It's easy to talk too much, and it's easy to not talk at all. Both are mistakes which can hurt or even kill a performance. Talking to an audience is important because it makes them feel included. I remember a Billy Joel concert in which I left the concert feeling as though Billy and I had become friends. It was fantastic. Because he talked to us, made us laugh, shared himself with us. And he did it all without breaking commandments 5 and 6 above! What about the harm of talking too much? They like it when you talk, if it's entertaining, but they didn't come to hear you talk. They came to hear the music! Don't make them wait too long for it. The chaotic environment of live music performance creates a short attention span for the audience member. Talk a little, to break up the monotony of just music music music and they'll appreciate it. Talk too much make them wait too long for a song. And they'll lose interest. They'll focus their attention on something else, and you might never get it back. Or worse yet, they may loose interest in being there at all, and LEAVE. So talk. But keep it short, and good. Which leads to the next commandment...

8.- If thou art going to TALK, make sure that it's ENTERTAINING.

The art of talking on stage, also known as onstage 'patter,' could be subject material for a whole article all by itself, if not an entire book. The best experts on this are comedians. That's all they do. Study them. Pay attention to their timing. When are they silly? When are they serious? How do they change up the mood and the tempo and the "feel" of a performance? And by the way, it is Okay to talk about a song, and yourself, personally, as long as you don't reveal too much. To reveal something of the "real you" is fine it helps. But there definitely is such a thing as "too much information," and that can kill you. Reveal "up" lighthearted or happy things like "I got married last year, and my wife loves this song." But don't say, "She loves it because it makes her think of the little black haired terrier that she had when she was 12 and living with her foster parents in North Platt, Nebraska."

Or say something funny. "I once played this song without ever even realizing that the person the song is about was standing right behind me the whole time." You can even touch on a serious thing, if you want,.. but again, don't give us too much information, and get out of it quick. "When I was in the hospital a year ago, I met this incredible person who really inspired me in a lot of ways, and this song came out of that."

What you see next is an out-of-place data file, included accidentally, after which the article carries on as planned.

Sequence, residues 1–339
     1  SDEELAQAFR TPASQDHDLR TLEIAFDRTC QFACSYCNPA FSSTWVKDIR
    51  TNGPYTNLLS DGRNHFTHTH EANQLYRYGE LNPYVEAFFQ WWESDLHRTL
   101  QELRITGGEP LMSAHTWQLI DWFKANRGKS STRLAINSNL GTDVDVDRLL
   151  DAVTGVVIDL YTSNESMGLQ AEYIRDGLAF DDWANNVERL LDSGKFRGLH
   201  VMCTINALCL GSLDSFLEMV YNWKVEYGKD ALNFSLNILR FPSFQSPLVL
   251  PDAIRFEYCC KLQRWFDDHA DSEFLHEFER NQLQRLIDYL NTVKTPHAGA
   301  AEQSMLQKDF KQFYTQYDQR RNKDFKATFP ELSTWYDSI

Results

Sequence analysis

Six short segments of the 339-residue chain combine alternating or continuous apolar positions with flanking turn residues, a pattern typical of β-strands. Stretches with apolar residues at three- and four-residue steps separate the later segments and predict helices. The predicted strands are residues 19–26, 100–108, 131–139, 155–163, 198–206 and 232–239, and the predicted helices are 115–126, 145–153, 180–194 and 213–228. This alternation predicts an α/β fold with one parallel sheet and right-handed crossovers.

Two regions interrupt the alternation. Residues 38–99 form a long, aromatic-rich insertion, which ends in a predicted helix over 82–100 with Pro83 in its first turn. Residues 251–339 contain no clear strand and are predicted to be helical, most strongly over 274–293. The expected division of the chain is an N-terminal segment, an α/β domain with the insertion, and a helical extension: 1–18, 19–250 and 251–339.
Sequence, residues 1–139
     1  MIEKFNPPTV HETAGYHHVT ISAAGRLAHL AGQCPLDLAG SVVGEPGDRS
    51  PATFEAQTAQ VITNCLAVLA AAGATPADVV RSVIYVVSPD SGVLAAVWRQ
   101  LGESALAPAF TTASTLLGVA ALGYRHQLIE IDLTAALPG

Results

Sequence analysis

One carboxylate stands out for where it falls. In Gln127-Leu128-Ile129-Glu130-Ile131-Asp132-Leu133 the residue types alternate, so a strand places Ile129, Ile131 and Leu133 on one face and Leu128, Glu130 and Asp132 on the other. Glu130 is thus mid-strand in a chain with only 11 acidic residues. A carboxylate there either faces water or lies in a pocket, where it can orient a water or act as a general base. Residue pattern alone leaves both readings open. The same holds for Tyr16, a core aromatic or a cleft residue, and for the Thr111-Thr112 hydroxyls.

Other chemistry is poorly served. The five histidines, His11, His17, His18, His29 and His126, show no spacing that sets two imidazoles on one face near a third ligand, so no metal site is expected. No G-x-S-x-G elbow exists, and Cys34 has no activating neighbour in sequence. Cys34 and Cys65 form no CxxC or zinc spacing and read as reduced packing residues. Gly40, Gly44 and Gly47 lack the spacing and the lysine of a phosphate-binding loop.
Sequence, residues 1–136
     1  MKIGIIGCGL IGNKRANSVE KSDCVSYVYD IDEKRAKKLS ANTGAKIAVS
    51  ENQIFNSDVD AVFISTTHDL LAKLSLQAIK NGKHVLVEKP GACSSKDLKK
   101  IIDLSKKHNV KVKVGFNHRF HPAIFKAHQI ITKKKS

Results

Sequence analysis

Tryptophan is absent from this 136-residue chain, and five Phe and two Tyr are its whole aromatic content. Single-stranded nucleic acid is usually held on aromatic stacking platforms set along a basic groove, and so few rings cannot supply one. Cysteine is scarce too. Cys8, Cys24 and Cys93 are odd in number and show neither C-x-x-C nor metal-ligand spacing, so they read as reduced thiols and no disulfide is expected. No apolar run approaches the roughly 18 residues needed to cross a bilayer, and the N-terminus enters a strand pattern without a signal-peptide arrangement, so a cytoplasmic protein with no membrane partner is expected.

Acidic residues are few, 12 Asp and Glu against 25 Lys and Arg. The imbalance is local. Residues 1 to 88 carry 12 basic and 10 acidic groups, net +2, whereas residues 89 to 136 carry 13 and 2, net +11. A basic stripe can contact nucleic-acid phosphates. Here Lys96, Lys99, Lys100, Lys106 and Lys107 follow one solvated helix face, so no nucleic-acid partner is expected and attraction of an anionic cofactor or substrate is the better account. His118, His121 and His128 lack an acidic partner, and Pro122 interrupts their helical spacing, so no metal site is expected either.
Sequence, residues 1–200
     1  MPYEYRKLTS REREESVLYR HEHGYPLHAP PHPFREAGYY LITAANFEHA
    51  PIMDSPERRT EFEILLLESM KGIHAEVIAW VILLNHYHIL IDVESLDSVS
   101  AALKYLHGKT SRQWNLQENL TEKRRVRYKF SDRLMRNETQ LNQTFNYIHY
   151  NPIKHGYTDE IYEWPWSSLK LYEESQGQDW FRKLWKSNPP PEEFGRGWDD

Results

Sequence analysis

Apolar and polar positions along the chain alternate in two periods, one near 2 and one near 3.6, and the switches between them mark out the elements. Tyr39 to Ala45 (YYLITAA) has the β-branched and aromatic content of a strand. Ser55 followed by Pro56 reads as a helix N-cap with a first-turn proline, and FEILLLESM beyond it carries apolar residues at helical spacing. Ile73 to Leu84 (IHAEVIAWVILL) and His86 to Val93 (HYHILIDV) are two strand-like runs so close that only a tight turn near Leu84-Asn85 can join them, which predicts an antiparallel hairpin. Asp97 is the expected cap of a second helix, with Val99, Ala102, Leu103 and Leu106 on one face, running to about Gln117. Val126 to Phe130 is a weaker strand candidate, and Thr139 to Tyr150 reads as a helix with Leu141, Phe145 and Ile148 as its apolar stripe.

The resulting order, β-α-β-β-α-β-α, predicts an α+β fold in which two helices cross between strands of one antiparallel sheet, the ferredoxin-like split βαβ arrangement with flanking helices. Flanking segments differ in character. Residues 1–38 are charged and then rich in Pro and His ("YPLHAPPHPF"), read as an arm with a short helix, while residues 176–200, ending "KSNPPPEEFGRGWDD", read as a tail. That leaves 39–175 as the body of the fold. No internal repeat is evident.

Don't say, "I was in the hospital a year ago when I got hit by a drunk driver. Both my legs were broken and I couldn't walk for almost a year, but then I met this guy named Sam. Sam told me about the time." You get the idea. The key words are, short,and entertaining.

9.- Thou shalt not apologize to the audience for technical problems or other shortcomings.

For example, don't say, "We're trying out a new PA tonight, and we're not really used to it yet, and we really thought the background vocals would sound better with this system, but apparently they don't. Sorry, we'll try to have it fixed by tomorrow night's show." Just do the best you can, on any given night, and let that be it. If there's feedback, or a string breaks, or a microphone falls over, or if you sneeze in the middle of a line,.. PRESS ON! It happens to all of us. Make light of it. Or make it look like it was intentional.

10.- Thou shalt do it like thou meaneth it.

I'm referring here, not only to the emotional feeling you put into your singing, and your delivery of the lyrics, (hopefully you already know to do that with feeling,) but also onstage theatrics, dancing, prancing, gesturing, ass wiggling, etc. I am not passing judgment here on any particular stage antic. That is a matter of individual choice. Whether it's mosh pit diving, or smashing a guitar, or hanging from the lighting rig, the decision to do it or not do it is yours alone. What I'm saying here is, if you are gonna do it, do it like you mean it. Do it with conviction. I wish I had a dollar for every time I saw some cute female singer trying to act sexy on stage, but obviously embarrassed and inhibited by it. The result was a weak, halfhearted, restrained effort that simply looked silly and fell flat. If you only do it half way, it's almost guaranteed to fail. If the song calls for a scream, SCREAM! Don't do a falsetto imitation of a scream. If you're!

going to throw your fist in the air, do it HARD, so it communicates power and conviction! If you're going to slink around onstage and look sexy then don't hold back. Throw away your inhibitions and get "into" it. If you enjoy whatever theatrical thing you're doing onstage, the audience will too. And likewise, if whatever you're doing onstage makes you uncomfortable, it will make them uncomfortable too. If you can't do it with conviction, don't do it at all.

There are many other "commandments" I could have added here. Thou shalt not insult thine audience. Thou shalt not insult the venue that hired you. Thou shalt remember to "plug" thine records, website, etc. Thou shalt not get drunk during a performance. There are lots of these,.. and perhaps I'll address some of them in a future article.